On Tuesday night, Republican presidential candidate Mitt Romney responded to a question about gender pay inequality, and told the public that when he had been looking for people to fill his staff as Governor most of potential employees were men. He thought there should be more women and asked his hiring team to get look for some and they came back with “whole binders full of women”. Romney has a knack of being contradictory and saying things that prompt self-crucifixion, however this statement pointed to something that is strikingly crucial in our modern society.
Where are those “binders full of women” in politics? Shoot, forget politics. Where are they in the boardrooms? In the CEO seats? As community leaders? In local governance? Let’s look at the hard facts. In 2010, only 2.4% of the U.S. Fortune 500 CEOs were female. And when we look at the reflection of ourselves as women of color, the numbers are even more depressing. Of all employed people African-American women make up on 5.3% of management and professional roles. Latinas are only 3.9% and Asian American women are only 2.7%.*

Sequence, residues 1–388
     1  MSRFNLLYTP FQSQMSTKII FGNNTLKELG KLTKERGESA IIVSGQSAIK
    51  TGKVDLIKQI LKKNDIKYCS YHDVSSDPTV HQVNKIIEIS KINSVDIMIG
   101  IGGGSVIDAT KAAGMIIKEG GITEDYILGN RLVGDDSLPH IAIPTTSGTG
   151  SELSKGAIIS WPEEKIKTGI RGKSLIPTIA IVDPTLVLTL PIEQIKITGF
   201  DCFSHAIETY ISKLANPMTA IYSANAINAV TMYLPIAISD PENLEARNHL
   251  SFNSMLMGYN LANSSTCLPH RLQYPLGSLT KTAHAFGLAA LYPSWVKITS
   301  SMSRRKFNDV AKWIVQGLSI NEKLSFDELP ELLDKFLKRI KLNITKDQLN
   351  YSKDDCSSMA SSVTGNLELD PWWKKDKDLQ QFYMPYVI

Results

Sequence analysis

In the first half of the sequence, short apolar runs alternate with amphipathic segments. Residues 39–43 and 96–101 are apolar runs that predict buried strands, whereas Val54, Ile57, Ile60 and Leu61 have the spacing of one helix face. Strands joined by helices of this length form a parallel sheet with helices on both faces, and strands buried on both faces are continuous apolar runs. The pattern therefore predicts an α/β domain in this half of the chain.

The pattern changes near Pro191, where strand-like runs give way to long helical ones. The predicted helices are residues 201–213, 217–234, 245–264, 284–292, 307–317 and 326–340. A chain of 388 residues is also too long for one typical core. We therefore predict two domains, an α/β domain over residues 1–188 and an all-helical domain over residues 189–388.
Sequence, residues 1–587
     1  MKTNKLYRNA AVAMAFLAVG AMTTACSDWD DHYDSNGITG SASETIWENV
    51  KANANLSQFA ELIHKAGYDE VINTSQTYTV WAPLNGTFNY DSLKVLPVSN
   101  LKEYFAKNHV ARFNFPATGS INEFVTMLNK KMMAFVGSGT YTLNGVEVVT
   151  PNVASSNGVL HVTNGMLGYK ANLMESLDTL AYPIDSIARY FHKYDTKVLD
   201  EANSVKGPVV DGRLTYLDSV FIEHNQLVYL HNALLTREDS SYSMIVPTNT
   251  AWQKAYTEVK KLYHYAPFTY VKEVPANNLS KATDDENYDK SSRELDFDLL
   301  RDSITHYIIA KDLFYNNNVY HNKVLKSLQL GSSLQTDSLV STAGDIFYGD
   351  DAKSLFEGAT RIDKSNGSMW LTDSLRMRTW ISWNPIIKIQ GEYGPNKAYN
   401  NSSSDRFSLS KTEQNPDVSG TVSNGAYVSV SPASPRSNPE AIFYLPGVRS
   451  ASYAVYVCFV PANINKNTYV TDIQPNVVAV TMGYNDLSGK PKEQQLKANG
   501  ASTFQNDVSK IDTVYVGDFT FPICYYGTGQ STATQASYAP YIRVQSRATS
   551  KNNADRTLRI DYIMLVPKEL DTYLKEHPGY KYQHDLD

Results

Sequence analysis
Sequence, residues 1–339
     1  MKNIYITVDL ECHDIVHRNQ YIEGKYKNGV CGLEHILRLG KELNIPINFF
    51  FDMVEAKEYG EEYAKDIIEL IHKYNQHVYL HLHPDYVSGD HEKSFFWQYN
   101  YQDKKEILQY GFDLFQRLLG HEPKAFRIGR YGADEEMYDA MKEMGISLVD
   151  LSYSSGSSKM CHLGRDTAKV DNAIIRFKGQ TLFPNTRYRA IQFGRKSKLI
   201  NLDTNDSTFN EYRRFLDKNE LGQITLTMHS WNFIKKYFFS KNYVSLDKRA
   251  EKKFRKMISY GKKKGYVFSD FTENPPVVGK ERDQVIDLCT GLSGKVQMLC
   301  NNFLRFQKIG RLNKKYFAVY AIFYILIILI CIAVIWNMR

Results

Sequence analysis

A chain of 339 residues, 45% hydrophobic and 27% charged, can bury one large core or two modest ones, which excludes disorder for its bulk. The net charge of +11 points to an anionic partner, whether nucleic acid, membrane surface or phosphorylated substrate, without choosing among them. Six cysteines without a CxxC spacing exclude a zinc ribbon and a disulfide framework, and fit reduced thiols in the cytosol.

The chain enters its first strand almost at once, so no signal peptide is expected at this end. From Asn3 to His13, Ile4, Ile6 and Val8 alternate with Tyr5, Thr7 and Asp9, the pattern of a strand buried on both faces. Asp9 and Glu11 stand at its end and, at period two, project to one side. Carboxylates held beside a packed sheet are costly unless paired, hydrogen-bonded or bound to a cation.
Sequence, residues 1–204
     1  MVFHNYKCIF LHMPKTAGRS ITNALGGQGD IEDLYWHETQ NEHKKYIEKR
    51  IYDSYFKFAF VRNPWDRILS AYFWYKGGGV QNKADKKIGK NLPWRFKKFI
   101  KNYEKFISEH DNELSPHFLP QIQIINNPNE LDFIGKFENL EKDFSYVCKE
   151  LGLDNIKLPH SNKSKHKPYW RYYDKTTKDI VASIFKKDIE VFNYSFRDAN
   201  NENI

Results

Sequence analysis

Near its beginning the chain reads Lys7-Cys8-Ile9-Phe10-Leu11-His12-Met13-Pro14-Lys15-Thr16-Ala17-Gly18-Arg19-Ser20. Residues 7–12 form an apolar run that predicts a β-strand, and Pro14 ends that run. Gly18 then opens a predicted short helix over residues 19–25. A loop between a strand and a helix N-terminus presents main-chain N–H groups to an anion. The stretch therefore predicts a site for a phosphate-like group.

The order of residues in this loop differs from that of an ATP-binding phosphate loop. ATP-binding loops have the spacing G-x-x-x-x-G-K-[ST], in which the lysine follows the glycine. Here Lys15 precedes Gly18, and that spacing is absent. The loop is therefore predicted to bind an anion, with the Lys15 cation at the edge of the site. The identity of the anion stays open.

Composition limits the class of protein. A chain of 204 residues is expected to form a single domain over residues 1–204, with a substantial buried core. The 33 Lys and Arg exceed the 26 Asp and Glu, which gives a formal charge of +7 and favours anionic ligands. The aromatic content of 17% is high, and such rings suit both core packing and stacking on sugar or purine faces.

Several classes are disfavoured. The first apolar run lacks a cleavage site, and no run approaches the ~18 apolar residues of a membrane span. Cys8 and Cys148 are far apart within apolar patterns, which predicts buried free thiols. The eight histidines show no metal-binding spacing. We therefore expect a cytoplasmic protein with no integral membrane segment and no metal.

This is why now is the right time for us to step up and stay up. Now is the time for us to be a bauce.
Romney’s crap-shoot phrase raises a major question as to how we as women are leading our lives professionally. So many of us find ourselves in stunted positions, unsure of what our professional growth could be. Too many of us as women are too afraid to step beyond roles of subordination (assistant that, secretary to who, associate this) and rise to the great leaders that we are known to be. We automatically begin to fantasize the worst in the office, create negative realities for ourselves before they ever happen, prohibiting us from taking a seat with the big boys.
There are “binders full of women” in the world that posses amazing skills and can outdo the work of many men. There are great leaders like Michelle Obama and Hillary Clinton that prove that there is more to the double X chromosome then a pretty dress and hands that know how to iron and cook. Romney’s response was sexist in making but also should remind us of how far we have to go together as women. In order to bring more women to the big table we have to be willing to help sisters out as they come along – mentor and uplift each other by passing wisdom on to those that make mistakes or need encouragement. As women we need that desperately, so one day we can have binders full of men begging to dance in our hemisphere.